The real thing that I’ve learned from talking to a lot of people and from comparing them to the level of success we don’t have a lot of absolute failures, maybe we have early failures. We stop them quickly before we spend a lot of money. There are failures but they’re learning failures. They’re not, “I’ve been in this business for five years and then crashed it because it was never successful.” There are indicators all along the way that you’re not listening to if you go that far. The idea of what I’ve come to is that emotional decision-making is a significant part of the problem. You fall in love with your idea or your product or your invention and then what happens is you do not hear or care to hear what other people have to say about it and you don’t have any objective criteria to evaluate it. You don’t set for yourself some evaluation review points. Our seven-step plan is available on the site on the Facebook page, you can download it from there. If not, send us an email and we’re happy to send it to you. On the seven-step plan, we have a review and a go, no go process. We have a review, revise and reject. It’s an actual stop. How do you make that decision? Sometimes you don’t have enough good information and you continue on to the next stage but you at least know that you don’t have enough good information and you say, “I need to seek the answer to that so that at the next stage I have a more educated review.” That’s it, and you don’t go diving in to the full depth of all the costs and all the time commitment and all of those things until you have some of those unknowns at least dialed in with, “What will be the signs that they are successful or not successful that I need to watch for so that I stop soon enough?”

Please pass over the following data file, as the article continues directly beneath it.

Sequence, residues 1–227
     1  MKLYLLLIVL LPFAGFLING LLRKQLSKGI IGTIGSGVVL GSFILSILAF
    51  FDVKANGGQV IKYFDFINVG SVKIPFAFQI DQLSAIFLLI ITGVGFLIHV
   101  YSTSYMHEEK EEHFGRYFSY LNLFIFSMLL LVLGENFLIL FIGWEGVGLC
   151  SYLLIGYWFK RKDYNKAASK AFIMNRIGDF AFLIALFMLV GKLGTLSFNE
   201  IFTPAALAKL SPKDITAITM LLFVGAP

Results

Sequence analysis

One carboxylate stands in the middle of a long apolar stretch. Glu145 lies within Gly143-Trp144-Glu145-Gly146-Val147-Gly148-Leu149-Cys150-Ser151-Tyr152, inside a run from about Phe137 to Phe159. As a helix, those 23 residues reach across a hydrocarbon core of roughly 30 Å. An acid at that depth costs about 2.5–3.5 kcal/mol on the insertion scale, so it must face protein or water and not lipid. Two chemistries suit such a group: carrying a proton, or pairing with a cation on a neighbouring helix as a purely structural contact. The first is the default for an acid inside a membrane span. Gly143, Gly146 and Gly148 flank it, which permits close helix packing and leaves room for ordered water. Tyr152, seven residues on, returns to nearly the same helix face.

I get to talk to this wonderful woman who ran a Kickstopper project. It was an interesting tell. She got in-love with the idea that she would create these striped t-shirts that will be in the sports colors, whether you were a football fan, a baseball fan, it doesn’t matter what kind of fan you are but you could wear the shirts across it and it wasn’t logoed. It just had the team colors and you could represent without having to wear a big logo on the middle of your chest. She fell in love with the idea of it and she bought 10,000 pieces of different colors of these striped shirts. She spent five years doing the business and spent about $120,000, which doesn’t seem like a tremendous amount but at the end of the day, she sold 4,000 after five years. She had 6,000 shirts left over. It obviously didn’t work. She had set in her mind that she was going to give it five years because five years is how long it takes for a business to succeed or fail, but there were so many signs along the way and she didn’t pay attention to them. That’s what I want to point out here is that I see this so often when I review inventions and when I talk to the companies and startups and other things, I look at them and I’m like, “Red flag, stop doing it.” You don’t see it because you’re in it. This is what I’m hoping we’re going to get across is I want you to get a little objectivity to your baby. It’s possible your baby’s ugly. It’s highly possible nobody wants to hold your baby.